- McCree, a former teenage arms dealer and gang member who was taken in by the titular organization. His bulky (but proportionally sized) mechanical hand and forearm are decorated with a prominent skull, hearkening back to his criminal past.
- Junkrat, an Australian scavenger and international criminal. In keeping with his chaotic nature, his prosthetic arm and leg appear to be cobbled together out of scrap metal and discarded parts. His peg-leg also forces him to walk with a distinctive limp.
- Torbjorn, a brilliant but jaded engineer who worked for Overwatch. His left arm appears to have been replaced by a set of Power Pincers, and his right eye is covered by a mechanical looking eye patch.
- Symmetra's sleek, white cybernetic arm was given to her by Vishkar, an organization that secretly commits atrocities with the goal of establishing order.
- The members of Team Star Fox in the Star Fox all possess identical metal prosthetics to to better endure the G-force their line of work entails note . In contrast, many of the bad guys possess artificial body parts varying in variety. Andross survives his battle in Star Fox and reappears with a false eye in Star Fox 2. General Scales from Star Fox Adventures possesses a primitive two-hooked false hand. Fox's rival Wolf O'Donnell has worn an eye patch through most of the series, ungrading to a technological false eye by Star Fox: Assault.
- BlazBlue: Played with by the hero, Ragna the Bloodedge. The man isn't all that heroic at first, merely going against The Empire because one higher-up in its army pissed him off (that, and his master Jubei and benefactor of sorts Rachel guided him). He's got an artificial arm as he lost the original one to his brother back when they were still children. The new arm he gets, called Azure Grimoire, is nasty: it's permanently black-colored, has a few red veins running on it, and it gives him the power to steal people's souls. Oh, and the Azure Grimoire is made from the corpse of an Eldritch Abomination that destroyed civilization almost a century ago. Due to the events of the games (especially comes the third game), however, he slowly and surely becomes a Jerk with a Heart of Gold who finds a new purpose in life. His prosthetic doesn't change any, though.
- Final Fantasy XV: High Commander Ravus Nox Fleuret of the Niflheim Empire has had his left arm replaced by a metallic prosthetic that looks like the gauntlet of a Tin Tyrant's armour suit. Kingsglaive and Episode Ignis reveal that he was present during the false-treaty betrayal in Insomnia. When King Regis was killed, Ravus picked up the Ring of the Lucii and slipped it onto his finger, believing that he was the one destined to cleanse the Starscourge. The Ring, carrying the souls of past Kings of Lucis, deemed him unworthy of Lucian power and incinerated his arm.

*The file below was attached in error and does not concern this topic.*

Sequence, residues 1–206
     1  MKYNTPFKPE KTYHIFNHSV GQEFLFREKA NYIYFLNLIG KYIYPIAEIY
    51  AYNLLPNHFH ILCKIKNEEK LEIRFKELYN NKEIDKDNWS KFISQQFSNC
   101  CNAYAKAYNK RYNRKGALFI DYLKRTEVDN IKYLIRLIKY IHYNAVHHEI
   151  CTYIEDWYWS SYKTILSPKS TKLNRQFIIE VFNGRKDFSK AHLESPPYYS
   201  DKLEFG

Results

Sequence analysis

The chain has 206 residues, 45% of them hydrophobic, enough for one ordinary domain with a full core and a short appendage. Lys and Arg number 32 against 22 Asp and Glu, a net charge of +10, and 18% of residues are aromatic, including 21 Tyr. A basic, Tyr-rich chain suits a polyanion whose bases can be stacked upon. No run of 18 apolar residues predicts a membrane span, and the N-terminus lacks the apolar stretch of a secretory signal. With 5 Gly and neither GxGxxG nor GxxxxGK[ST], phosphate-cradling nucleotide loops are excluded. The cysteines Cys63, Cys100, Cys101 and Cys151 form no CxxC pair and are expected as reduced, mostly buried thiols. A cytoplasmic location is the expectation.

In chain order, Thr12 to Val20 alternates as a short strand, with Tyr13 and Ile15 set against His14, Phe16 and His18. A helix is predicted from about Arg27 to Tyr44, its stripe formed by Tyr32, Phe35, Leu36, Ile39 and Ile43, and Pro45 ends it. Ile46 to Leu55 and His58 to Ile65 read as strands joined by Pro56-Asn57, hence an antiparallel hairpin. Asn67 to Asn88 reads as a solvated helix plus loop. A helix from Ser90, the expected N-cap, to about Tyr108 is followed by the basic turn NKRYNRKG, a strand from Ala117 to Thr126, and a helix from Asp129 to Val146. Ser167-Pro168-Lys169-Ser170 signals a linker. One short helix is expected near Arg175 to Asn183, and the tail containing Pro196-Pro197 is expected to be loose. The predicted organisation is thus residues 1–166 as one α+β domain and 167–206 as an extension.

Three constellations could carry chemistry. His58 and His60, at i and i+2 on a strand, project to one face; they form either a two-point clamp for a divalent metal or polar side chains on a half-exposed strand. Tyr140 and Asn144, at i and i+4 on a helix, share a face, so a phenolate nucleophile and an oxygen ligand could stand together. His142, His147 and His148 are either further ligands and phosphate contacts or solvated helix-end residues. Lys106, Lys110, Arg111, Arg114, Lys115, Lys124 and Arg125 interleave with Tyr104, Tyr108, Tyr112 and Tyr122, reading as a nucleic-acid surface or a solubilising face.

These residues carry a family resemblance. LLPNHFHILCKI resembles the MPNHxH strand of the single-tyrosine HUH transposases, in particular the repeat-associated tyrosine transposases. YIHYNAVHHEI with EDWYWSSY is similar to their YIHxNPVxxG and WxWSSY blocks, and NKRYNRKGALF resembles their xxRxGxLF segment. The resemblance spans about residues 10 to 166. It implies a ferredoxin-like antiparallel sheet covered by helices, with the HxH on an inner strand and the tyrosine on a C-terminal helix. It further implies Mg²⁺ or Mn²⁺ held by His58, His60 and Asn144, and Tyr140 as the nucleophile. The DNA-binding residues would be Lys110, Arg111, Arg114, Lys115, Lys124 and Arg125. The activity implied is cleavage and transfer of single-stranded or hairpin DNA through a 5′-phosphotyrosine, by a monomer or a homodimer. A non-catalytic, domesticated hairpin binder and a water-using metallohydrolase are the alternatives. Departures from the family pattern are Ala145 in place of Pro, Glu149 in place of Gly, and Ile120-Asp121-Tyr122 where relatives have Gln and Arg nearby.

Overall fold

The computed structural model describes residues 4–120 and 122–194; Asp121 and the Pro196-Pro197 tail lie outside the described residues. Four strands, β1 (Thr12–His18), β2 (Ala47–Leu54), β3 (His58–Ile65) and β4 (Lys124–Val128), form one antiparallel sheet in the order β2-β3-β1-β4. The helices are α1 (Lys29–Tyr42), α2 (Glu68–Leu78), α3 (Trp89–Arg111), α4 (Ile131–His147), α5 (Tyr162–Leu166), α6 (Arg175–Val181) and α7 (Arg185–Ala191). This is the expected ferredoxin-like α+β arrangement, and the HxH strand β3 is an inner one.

- RWBY: The protagonists who have prosthetic replacements have limbs that are made with advanced Atlesian technology which function like their missing limbs and also incorporate their style of fighting to ensure they can still function as Huntsmen. General Ironwood uses clothing to completely hide the prosthetic part of his his body, even when it means wearing one hand gloved and one hand ungloved, and he only uses his prosthetic arm in battle against the Grimm where its great physical strength allows him to fight without weapons. The Volume 3 finale sees both Yang and Cinder lose an arm which is replaced in Volume 4 by General Ironwood and Salem respectively. Yang chooses to paint her prosthetic in her signature colour scheme (yellow with black accents), incorporating it into her asymmetrical fashion style and therefore displaying it openly. Cinder hides her prosthetic behind an overlong sleeve which allows her to use her new arm as a surprise attack: her new limb is a Grimm arm which is capable of stretching well beyond its normal range. It also enables her to easily steal the power of other Maidens by absorbing it as her victim dies in agony.
- In Kiwi Blitz, villain Gear has a chainsaw like object as her left arm. So far, she is generally unsympathetic. Good guys Steffi and Reed both have prosthetic limbs, but they mostly serve as non-weapons and they lost their body parts trying to save others.
- Yuri loses all four of her limbs and takes the opportunity to become fully transhuman. She upgrades her prosthetics multiple times during the comic. As she lets bloodlust and post-traumatic stress take over, her prosthetics become increasingly inhuman—for example, giving herself the body of a giant spider or mantis. Near the end, she crosses the Bishōnen Line, and her most powerful form looks human again.
- After Martina loses her arm, she has it replaced with a prosthesis that looks and functions exactly the same as her human arm, refusing to trade her humanity for firepower because she'd seen how it affected Yuri.
- Ducktales 2017 provides an example with Della Duck and Black Heron. Della ended up losing her leg in a rocket crash on the moon; replacing it with a prosthetic made from scrapped parts. She is an eccentric from being away from earth for ten years; but is ultimately good-hearted. Heron, however; is an Agent of F.O.W.L. who lost one of her arms in a fire during a mission with Beakley, replacing it with a mechanical one when she's next seen.